When the bees start carrying the pollen into the hive, the pollen traps are place in front of the entrance. The bees must pass through the gaps at the grid from the trap and the little pollen grains fall into the gathering box below.
To make sure the bees have enough pollen for themselves, at Toca, we collect the pollen for a day and we then open the pollen traps to allow for the bees to carry their pollen freely into the hive. This operation is regularly repeated during the pollen harvest time. By doing so, we are sure we work in an ethical way with our bees and that they never suffer a lack of bee pollen inside the hive.
Every day the pollen is collected at the apiaries and carried back to the Toca central warehouse. To prevent spoilage and for preservation of a maximum quality, bee pollen has to be placed immediately in a freezer.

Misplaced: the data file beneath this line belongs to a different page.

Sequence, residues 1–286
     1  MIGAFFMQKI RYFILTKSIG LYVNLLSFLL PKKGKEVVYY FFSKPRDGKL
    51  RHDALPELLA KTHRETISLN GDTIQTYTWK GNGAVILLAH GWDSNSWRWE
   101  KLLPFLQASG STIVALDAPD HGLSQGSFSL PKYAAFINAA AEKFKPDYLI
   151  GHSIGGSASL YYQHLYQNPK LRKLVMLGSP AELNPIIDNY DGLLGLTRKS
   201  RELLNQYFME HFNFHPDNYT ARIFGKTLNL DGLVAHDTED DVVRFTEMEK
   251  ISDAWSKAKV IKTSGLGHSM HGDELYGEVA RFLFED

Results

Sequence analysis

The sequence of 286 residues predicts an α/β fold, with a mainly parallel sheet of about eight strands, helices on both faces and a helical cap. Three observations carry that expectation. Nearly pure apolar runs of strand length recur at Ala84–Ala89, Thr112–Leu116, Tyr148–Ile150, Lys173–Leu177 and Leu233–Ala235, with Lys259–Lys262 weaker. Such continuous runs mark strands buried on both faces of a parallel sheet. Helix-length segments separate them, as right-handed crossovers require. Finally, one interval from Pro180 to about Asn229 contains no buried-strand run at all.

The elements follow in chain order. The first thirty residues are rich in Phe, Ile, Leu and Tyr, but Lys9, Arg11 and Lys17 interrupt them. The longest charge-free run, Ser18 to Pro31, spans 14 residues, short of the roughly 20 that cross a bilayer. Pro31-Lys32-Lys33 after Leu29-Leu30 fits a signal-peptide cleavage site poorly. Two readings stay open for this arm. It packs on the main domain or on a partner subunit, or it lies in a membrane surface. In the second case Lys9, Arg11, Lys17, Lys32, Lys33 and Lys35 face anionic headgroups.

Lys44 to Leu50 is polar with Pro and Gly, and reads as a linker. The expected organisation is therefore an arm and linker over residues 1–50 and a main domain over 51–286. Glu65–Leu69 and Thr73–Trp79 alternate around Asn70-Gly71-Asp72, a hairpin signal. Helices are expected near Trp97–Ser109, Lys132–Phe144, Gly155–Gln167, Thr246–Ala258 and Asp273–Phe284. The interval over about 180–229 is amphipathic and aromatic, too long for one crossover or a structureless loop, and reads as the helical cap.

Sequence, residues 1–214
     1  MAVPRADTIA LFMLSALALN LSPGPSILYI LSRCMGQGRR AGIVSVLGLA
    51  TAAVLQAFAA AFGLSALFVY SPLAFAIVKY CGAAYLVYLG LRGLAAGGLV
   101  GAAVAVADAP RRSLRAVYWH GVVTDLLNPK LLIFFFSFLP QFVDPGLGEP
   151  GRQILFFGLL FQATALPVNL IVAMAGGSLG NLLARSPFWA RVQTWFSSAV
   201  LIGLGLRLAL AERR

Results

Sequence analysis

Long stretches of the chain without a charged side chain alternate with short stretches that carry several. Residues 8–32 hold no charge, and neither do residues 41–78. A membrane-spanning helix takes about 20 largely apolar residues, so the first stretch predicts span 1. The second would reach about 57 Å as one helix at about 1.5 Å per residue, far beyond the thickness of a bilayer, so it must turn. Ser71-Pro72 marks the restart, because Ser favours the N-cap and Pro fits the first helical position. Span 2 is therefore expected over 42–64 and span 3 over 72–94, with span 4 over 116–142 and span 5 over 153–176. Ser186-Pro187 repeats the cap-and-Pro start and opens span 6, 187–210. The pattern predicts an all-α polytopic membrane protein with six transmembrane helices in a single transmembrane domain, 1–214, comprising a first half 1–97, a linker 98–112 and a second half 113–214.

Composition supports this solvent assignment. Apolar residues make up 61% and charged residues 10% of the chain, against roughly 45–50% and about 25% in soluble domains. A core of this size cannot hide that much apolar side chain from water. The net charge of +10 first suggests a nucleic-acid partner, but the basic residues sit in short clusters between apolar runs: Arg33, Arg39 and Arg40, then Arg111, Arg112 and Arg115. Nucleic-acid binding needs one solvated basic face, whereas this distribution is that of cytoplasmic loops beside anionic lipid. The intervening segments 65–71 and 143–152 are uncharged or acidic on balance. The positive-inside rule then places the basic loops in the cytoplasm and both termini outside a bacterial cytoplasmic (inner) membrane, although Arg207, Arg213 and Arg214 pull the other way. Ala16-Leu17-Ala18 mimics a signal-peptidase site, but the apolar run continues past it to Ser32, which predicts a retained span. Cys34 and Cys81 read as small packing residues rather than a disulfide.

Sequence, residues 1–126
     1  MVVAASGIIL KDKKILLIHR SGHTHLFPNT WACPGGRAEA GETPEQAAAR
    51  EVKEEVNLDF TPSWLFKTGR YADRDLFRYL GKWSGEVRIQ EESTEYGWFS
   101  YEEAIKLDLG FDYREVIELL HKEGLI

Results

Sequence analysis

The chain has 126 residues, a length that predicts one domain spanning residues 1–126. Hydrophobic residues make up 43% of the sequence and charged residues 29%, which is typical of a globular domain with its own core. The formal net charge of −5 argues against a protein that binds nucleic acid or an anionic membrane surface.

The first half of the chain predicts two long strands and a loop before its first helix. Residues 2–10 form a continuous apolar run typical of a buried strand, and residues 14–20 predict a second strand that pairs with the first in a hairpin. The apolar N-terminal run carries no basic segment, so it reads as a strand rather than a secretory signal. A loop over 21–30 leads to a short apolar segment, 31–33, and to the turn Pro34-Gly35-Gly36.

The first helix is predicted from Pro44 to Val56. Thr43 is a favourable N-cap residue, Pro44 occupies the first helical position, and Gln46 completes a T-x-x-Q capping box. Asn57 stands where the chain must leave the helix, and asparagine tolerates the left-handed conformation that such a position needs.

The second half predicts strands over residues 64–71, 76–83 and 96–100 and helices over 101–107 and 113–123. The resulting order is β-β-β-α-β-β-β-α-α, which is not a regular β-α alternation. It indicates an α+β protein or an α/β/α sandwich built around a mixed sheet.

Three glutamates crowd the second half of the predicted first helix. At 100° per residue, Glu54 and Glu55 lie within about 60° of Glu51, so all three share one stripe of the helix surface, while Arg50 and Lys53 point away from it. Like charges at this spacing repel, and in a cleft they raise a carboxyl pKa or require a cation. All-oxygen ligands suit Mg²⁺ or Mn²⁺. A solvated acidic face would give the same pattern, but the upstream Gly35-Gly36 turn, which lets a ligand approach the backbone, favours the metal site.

After this, the drying process takes place. At Toca, we dry the pollen always below 35 degrees so that it preserves all of its raw nutrients.
When the drying process is finished, the pollen must pass a final sieving control to make sure no larger particles other than pollen remain in the batch.
Finally, the pollen is manually bottled into jars which are always vacuumed packed. We do this to ensure the freshness of the harvesting. It´s important to highlight the unique treatments applied to the pollen to assure its preservation are the freezing period, non-aggressive drying process and finally the vacuumed packing.
One of the main varieties we are able to harvest at our farm is chestnut bee pollen.
During the investigation period to develop the harvesting methods we currently use at Toca, we have done several studies regarding the properties that different types of pollen have. One of the most interesting reports showed the amount of antioxidants in the chestnut bee pollen to be the highest among other types of bee pollen.
To discover more about Toca bee pollen, enter the #lovetoca competition and visit our farm in Galicia
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